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Ronald Lovell

Ronald Lovell

Private, Australian Army



Private Ronald Charles Lovell served in 3RAR from December 1952 for about a year. He saw action in the Samichon Valley then five months of garrison duty after the Armistice. He is a good friend of another Korean War veteran Mr. O’Brien, whom he met in 1962. He says that if the war were to break out again in Korea, he would gladly fight for Korea once again.


Click on images to enlarge.

Photography by Tae Yun. Courtesy of the Consulate General of the Republic of Korea in Sydney.

Ronald (Ron) Lovell was born in Sydney in 1932. He grew up in Revesby with one older brother and two older sisters. His mother passed away when he was only nine years old, and his father raised Ron and his siblings with the help of family. After Ron left school, he had a few various jobs, including sheep shearing in the country.

In 1950, the Australian Government committed to send troops to Korea. 3 Battalion, The Royal Australian Regiment (3RAR) was undermanned, so the Army began the ‘K Force’ recruiting campaign. Ron and some of his mates, all 18 to 20 years old, decided to enlist. They completed their basic training and in December 1952, they landed in South Korea.

“It didn’t take long for us to realise that this was not just some adventure we were embarking on.”

3RAR formed part of the 27 British Commonwealth Infantry Brigade. When Ron arrived, he was stationed at the 38th Parallel. His role was to patrol no man’s land every night “in pitch dark”, even through the bitterly cold Korean winter which saw temperatures below freezing.

During his time on the frontline, he saw action in the Samichon Valley. The Battle of the Samichon River on 24 July 1953 took place over two concerted night attached and was the last of the war.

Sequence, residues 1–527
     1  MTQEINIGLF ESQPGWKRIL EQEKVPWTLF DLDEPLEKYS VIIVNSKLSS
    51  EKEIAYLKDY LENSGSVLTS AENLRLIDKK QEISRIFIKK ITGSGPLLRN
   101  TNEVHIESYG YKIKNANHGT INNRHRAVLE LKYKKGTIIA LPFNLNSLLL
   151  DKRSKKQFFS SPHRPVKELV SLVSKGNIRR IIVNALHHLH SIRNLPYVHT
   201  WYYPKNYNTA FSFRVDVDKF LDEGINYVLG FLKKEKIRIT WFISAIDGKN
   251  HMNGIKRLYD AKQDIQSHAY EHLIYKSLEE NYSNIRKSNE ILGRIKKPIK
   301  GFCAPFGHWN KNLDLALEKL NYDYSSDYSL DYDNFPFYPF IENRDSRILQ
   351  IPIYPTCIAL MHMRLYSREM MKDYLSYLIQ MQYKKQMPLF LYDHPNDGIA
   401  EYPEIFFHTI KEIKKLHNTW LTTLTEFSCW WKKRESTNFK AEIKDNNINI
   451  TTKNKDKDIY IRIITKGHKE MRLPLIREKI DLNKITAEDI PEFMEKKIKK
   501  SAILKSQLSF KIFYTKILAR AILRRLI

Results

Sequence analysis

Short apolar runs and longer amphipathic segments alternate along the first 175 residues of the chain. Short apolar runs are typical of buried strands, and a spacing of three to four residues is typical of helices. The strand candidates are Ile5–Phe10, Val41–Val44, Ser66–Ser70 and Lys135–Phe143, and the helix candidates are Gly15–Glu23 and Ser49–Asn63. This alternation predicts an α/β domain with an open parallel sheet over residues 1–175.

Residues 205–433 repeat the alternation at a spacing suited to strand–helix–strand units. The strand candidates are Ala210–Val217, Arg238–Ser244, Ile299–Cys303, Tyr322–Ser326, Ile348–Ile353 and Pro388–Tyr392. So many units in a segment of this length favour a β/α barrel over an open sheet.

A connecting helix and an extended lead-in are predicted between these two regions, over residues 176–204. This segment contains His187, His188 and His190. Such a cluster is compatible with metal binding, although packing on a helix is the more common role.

The Armistice was signed on 27 July 1953, just seven months into Ron’s deployment.

After the Armistice came into effect, he stayed in South Korea on garrison duty which involved training and border patrols. He returned to Australia in January 1954.

“These years were both sad and satisfying, experiencing the comradeship of great mates, being scared and frightened of the unknown, not knowing if they would survive, being homesick but delighted to receive mail and packages from home, witnessing death and injuries but also a feeling of satisfaction and accomplishment in the end.”

When he returned home, Ron retired from the Army and went back to civilian life. He worked in the transport sector, driving a truck and contracting out to the Department of Main Roads. He retired when he was 68, with his wife, Fay. They share three children and four grandchildren.

In 1962, he met Sheridan O’Brien, a veteran who served in the Korean War with the Royal Australian Navy.  They quickly formed a friendship and continue to share outings, reminisce, and are involved in many activities arranged for Korean War veterans.

Ron says that “if the war were to break out again in Korea, I would gladly fight for Korea once again.”

Discover more stories of Korean War veterans at the Armistice in Korea: 1953-2023 photography exhibition open at the Anzac Memorial until 7 August